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Last week All Songs Considered invited its listeners to vote for their favorite tracks and albums of the year (s0 far).

The results?

“In the end, Animal Collective edged out every other artist for both Best Album and Best Song. Artists like Grizzly Bear, The Decemberists and Neko Case weren’t far behind. One thing was clear: that 2009 has been one of the strongest years for new music in recent memory.”

MP3 tracks accompany the list for Best Songs of 2009 (so far), in case you’re not up to speed with what’s cool.

About that last point: Did ASC mean new music or new artists? The former is redundant; you can’t poll Best of 2009 (so far) using music released prior to 2009. And the latter is simply untrue. Bob Dylan, U2, Conor Oberst, Animal Collective, Neko Case, Grizzly Bear, The Decemberists—which of these is a new band? I took the remark to mean that the field is flatter, the world more fair, but I think that’s kind of naive: The Internet is just as good as FM radio and MTV at promoting some bands above all others and keeping them up there for a while.

Jonah Weiner has a piece up at Slate explaining the recent deaths of Vibe and Blender and layoffs at Spin and Rolling Stone. He serves his argument in three parts: 1.) “There are fewer superstars, and the same musicians show up on every magazine cover”; 2.) “Music mags have less to offer music lovers, and music lovers need them less than ever anyway”; 3.) “Music magazines were an early version of social networking. But now there’s this thing called “social networking”…”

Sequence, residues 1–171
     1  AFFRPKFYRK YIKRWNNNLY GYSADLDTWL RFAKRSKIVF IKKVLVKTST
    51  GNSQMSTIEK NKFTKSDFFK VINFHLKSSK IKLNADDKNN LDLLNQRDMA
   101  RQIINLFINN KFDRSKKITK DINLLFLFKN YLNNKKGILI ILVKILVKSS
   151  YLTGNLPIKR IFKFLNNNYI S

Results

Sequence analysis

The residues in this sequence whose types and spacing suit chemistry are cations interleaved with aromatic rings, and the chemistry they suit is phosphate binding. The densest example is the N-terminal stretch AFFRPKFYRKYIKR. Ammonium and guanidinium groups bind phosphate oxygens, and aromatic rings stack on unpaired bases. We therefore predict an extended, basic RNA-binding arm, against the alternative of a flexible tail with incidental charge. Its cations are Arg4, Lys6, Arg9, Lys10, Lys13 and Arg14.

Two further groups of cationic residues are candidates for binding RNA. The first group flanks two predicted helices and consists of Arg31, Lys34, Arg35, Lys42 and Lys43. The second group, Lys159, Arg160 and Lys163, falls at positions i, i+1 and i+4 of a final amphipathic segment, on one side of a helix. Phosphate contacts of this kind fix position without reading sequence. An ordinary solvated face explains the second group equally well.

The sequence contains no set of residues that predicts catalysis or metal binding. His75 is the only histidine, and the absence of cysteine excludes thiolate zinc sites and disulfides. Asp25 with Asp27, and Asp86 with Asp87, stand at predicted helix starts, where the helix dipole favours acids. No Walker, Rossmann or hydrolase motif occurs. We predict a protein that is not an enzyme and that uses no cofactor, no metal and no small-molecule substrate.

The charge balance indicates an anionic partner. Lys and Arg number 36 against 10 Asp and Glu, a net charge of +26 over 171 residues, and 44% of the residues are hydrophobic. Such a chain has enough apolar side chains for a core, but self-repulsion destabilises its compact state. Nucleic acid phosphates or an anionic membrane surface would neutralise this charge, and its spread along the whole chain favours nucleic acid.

Point no. 2 deals much more plainly on the topic of critic access (see: watermarks), with one strange deviation. Weiner writes:

“It’s a valid point that the professional critic still wields an aura of authority rare in the cacophonous world of online music, but between taste-making blogs and ever-smarter music-recommendation algorithms like Apple Genius and Pandora, the critic’s importance is being whittled down.”

Except, that’s not a valid point. It feels good, sounds good, etc., but labels don’t see “us” as authoritative and readers are often able to form their opinions, thanks to leaks and album streaming, before we’re able to tell them what’s what. (That NPR is using its readers to determine a best-of list is a great example of this. This used to be a privilege of music critics.)

Also, smaller point: The essence of a cacophony is that you can’t tell one voice from another. I really think that’s happening.